There no longer will be volunteer trusties used outside the confines of the Franklin County Jail.
That was determined by Franklin County Sheriff’s Department administrators in the wake of last week’s escape of Ricky A. Johnson Jr., 37, an inmate serving as a kitchen trusty at the Franklin County Jail.
“We have discontinued the use of trusties and it doesn’t look like that will change,” Sheriff Steve Pelton told The Missourian. “It is not worth the trouble.”
Johnson was volunteering in the jail kitchen Wednesday, April 25, about 6 a.m. when he seized an opportunity and fled through an open kitchen door and then through a gate.
The inmate was being held on probation violations from 2015 felony charges. In that case, he was caught on tape in June 2015 allegedly burglarizing the Finish Line Cafe on Highway 30, Lonedell.
Trusties who have been charged with nonviolent crimes had been permitted to conduct work duties in the jail. They are not paid for the work.
“These trusties are minimum security,” Pelton noted. “He went from a little bit of trouble to a whole lot of trouble.”
Johnson was caught about eight hours after he fled from the jail’s kitchen. He was spotted by a citizen running near the intersection of Denmark and Prairie Dell roads in Union.
He was charged the same day in Franklin County Associate Circuit Court with a felony of escaping confinement. Bail was set at $100,000 and he still is in custody at the jail.
Inmates charged with driving while intoxicated offenses or lesser crimes, mostly misdemeanor, had been eligible to be outdoor trusties where they could mow the lawn, clean, maintain the jail property or other duties.
“Trusties is a loose term,” Pelton added. “They are here for a reason.”
Now, none of those volunteer opportunities are available to inmates.
However, inside the jail walls, jobs like laundry duty and some cleaning still will be conducted by inmates.
Pelton said there have been trusties used in Franklin County for many years, and before the current jail opened.
“Most jails in the nation use them, to help cut costs,” he said.
There had been two other trusties who escaped custody since the jail opened in 1986.
“This has happened in the past,” Pelton noted. “We will not put that burden back on the citizens again.”
This is the second time in 32 years that an inmate escaped from inside the detention center. The first incident occurred in 1986 under Sheriff Paul Bruns. That escapee was captured.
Then, a few years ago under Sheriff Gary Toelke, an outside trusty walked away from the sheriff’s department. He also was quickly apprehended when staff noticed he was gone, Pelton said.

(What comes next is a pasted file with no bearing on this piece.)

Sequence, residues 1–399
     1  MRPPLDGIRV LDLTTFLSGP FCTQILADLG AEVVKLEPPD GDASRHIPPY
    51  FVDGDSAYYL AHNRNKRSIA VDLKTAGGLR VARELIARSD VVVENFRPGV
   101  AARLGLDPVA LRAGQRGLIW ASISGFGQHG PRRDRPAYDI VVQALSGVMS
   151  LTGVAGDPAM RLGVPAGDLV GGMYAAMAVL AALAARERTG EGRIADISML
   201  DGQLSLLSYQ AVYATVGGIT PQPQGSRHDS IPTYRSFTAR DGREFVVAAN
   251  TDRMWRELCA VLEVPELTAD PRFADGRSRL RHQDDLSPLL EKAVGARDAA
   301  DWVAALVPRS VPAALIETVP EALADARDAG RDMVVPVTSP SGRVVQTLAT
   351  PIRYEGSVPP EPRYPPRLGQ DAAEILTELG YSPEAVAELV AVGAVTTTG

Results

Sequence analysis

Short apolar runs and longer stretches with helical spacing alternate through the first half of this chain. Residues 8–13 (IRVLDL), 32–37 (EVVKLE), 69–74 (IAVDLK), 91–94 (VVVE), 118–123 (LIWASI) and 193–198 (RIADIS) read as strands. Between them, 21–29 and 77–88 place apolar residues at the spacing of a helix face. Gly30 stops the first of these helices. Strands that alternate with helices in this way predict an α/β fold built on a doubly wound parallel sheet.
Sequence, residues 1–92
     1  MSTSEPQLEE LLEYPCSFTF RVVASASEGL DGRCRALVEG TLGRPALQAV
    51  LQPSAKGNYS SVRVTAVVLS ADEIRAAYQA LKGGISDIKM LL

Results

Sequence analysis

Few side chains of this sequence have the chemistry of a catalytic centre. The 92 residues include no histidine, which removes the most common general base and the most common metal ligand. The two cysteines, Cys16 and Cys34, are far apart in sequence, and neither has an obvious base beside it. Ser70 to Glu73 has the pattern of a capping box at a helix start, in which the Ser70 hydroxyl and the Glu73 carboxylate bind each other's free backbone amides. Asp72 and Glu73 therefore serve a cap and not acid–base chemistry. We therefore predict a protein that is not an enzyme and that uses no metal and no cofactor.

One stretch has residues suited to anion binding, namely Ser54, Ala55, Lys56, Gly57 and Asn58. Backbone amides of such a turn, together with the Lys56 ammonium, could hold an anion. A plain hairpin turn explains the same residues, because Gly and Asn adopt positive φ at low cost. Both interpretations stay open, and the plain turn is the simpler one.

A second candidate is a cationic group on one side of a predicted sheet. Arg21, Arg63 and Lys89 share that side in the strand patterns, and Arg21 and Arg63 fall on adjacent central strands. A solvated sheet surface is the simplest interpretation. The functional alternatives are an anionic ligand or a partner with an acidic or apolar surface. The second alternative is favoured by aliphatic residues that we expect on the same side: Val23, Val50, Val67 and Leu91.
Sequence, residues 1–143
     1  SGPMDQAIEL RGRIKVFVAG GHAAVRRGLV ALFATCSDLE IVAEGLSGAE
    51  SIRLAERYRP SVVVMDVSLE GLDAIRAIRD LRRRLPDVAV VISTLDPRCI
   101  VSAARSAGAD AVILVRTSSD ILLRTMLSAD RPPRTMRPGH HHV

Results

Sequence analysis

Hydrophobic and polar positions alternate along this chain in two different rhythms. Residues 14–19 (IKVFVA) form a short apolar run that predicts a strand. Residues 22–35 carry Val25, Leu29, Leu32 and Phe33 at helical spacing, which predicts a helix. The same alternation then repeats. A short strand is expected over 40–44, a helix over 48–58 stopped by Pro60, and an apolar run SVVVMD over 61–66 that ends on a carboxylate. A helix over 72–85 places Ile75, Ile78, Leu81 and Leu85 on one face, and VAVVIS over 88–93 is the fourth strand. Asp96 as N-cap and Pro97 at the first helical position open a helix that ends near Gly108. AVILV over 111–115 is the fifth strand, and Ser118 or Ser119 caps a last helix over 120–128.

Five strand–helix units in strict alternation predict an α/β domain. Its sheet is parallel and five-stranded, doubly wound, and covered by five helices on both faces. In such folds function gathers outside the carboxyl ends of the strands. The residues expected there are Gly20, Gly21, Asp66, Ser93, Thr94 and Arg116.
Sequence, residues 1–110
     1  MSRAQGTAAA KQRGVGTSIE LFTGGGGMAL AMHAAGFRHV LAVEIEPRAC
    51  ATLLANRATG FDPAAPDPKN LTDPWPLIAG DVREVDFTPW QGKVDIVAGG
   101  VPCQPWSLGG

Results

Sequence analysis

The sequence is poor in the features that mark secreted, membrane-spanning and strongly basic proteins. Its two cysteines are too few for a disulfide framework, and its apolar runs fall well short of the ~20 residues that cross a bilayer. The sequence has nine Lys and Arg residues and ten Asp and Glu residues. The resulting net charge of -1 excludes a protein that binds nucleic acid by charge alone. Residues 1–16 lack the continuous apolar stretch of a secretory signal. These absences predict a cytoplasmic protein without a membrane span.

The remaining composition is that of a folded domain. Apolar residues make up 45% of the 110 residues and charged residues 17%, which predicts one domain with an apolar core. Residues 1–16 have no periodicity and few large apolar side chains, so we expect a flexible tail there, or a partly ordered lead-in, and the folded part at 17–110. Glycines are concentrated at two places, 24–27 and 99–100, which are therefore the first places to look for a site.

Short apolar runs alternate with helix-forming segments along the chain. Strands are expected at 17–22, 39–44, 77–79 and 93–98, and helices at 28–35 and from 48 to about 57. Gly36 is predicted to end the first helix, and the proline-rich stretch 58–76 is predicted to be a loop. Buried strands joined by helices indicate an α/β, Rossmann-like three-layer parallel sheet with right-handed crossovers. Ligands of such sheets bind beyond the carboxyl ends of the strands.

According to Pelton, about 16 additional officers commissioned by the sheriff’s department were called into assist with the manhunt for Johnson.
He explained that some deputies were not available to work because they had just finished shifts.
In addition to the sheriff’s office staff — including the Multi-County Narcotics and Violent Crimes Unit and Franklin County SWAT Team — officers from police forces in Union, Washington, St. Clair and Pacific also joined in the search.
Also responding to the county was the United States Marshal Services, the Missouri State Highway Patrol and search dog teams from St. Louis County, St. Charles County and the Missouri Department of Corrections (MDC).
There was a total of about 50 people assisting in the search. In addition there were two helicopters that also provided support.
Other than paying for additional sheriff’s department staff or overtime hours for deputies, there was no extra cost for the county. That’s due to mutual aid agreements between the sheriff’s department and other agencies.
Pelton added that reimbursements are available, often through grants, to pay for the fuel used by the helicopters utilized in the search.
“I am grateful to every agency that sent officers and that would have sent more,” he said.
The sheriff’s office will incur costs now that there is no inmate trusties working in the kitchen. Pelton explained that deputies are helping to cover some shifts, and the three kitchen staff members may get overtime. He added that the department still is exploring options to address the kitchen needs.
Last week’s escape has prompted a deeper look into the new jail facility slated for construction next spring.
“With the new facility we will make sure that the double-locked areas are secure,” Pelton said.
He stated that those safety measures at the new jail already have been planned, but the incident last week has caused officials to take a second look to ensure that no inmate has an opportunity to get free.
At the new facility, through Prop P tax revenue, there will be more safeguards to prevent escape attempts.